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Lannett: Risks Overblown, Strong Growth, Trading At 50% Discount To Peers

Summary

Lannett is well positioned to capitalize on the favorable trends and characteristics in the generic drugs market.

Continued vertical integration will allow Lannett to extract higher margins by taking on more manufacturing operations and reducing its reliance on JSP for supplies.

Fears regarding leverage and the KU acquisition are largely overblown; operating synergies are starting to be realized and should offset the recent loss of a major customer.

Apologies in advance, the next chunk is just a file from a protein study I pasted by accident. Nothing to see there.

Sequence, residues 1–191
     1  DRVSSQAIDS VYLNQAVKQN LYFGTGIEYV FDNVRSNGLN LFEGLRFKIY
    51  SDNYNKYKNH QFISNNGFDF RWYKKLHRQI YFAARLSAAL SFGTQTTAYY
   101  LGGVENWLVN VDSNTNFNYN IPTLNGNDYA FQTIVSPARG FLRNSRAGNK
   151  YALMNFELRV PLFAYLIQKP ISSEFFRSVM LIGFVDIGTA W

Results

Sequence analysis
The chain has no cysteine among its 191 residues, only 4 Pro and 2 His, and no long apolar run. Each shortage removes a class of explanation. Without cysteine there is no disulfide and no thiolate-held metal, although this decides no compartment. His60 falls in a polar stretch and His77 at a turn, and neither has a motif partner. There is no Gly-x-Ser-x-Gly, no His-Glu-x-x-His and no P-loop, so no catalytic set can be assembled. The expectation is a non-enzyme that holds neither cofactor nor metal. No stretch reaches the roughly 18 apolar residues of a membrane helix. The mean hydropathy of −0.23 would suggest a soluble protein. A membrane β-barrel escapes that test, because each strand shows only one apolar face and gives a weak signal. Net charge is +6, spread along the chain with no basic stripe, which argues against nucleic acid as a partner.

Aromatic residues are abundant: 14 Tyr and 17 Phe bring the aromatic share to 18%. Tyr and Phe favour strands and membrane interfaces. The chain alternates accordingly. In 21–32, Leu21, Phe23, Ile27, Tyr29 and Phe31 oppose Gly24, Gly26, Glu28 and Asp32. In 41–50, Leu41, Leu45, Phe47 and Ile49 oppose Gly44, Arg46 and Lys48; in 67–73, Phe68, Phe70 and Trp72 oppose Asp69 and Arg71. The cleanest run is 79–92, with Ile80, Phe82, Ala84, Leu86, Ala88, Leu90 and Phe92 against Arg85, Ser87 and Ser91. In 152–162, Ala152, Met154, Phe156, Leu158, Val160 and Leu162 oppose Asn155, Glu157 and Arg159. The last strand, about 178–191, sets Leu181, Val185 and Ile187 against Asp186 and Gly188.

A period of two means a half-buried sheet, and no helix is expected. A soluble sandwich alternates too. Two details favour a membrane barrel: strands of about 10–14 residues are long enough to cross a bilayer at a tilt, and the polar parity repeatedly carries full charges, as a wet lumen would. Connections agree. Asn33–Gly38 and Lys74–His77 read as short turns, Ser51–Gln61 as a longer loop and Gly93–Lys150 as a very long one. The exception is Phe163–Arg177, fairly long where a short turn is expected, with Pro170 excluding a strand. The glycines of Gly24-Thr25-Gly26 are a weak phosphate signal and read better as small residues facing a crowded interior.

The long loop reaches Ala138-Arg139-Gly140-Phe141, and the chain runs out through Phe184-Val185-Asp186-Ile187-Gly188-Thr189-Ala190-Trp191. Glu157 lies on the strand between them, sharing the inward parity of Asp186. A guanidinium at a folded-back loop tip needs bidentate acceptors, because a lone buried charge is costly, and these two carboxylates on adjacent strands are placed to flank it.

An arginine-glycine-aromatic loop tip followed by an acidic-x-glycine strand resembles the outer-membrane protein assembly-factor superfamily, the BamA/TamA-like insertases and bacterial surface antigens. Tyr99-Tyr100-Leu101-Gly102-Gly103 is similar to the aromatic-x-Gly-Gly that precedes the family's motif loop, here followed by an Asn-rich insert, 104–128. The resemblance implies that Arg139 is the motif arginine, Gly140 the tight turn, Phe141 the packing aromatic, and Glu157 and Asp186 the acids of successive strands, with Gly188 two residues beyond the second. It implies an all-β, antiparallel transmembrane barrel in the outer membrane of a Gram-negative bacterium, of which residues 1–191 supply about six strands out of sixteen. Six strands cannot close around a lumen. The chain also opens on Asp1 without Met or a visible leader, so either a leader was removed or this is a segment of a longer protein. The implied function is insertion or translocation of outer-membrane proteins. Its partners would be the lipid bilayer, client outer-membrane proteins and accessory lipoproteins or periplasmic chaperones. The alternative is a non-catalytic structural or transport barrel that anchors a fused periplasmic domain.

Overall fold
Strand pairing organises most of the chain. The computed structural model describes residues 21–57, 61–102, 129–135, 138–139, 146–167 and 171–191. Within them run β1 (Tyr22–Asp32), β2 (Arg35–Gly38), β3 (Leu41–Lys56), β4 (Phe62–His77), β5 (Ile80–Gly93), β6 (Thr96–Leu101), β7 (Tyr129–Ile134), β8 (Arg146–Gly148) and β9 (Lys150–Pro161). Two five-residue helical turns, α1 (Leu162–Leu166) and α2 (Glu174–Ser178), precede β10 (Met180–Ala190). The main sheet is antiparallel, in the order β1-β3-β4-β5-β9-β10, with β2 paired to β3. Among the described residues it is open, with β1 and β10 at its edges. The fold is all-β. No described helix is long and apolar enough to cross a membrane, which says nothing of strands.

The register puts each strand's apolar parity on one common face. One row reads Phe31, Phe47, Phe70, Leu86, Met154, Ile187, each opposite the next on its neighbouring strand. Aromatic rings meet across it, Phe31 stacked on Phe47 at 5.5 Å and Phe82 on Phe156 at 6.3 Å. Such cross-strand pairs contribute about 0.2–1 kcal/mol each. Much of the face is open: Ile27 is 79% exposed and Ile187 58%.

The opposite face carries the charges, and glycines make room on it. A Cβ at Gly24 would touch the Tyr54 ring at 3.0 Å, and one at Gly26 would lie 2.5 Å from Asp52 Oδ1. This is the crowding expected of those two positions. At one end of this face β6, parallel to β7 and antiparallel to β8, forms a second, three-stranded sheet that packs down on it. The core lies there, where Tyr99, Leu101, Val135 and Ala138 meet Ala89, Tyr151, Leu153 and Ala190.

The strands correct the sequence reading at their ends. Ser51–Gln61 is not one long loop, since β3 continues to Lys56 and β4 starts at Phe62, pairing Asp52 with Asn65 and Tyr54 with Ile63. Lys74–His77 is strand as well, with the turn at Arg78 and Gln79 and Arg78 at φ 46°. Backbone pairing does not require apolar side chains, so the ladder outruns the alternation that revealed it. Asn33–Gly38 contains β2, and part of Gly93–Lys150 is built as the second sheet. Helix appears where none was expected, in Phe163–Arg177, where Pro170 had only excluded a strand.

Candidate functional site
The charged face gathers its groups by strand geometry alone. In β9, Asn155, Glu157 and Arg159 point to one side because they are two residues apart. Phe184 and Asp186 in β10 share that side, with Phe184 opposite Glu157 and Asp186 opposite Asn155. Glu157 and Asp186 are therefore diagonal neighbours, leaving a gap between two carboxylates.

Lannett's valuation is at a significant discount to its close peers, especially when we consider full-year 2016 guidance.

Although integration risks remain, Lannett trades at a fairly attractive price. In addition, put options provide a good return due to the high implied volatility.

Background & History

Lannett Company, Inc. (NYSE:LCI) is a manufacturer and distributor of generic drugs with a heavy reliance on revenues from drugs that treat thyroid deficiencies and gallstone illnesses. Due to a combination of industry uncertainties, ill-timed acquisitions and lower guidance forecasts, LCI's stock price has been pummeled in the past year, falling nearly 74% from its highs in April 2015.

(Source: YCharts)

Clearly, Lannett is facing some significant problems given the market's reaction and its current valuation. To understand why, we take a closer look at its operating history and business.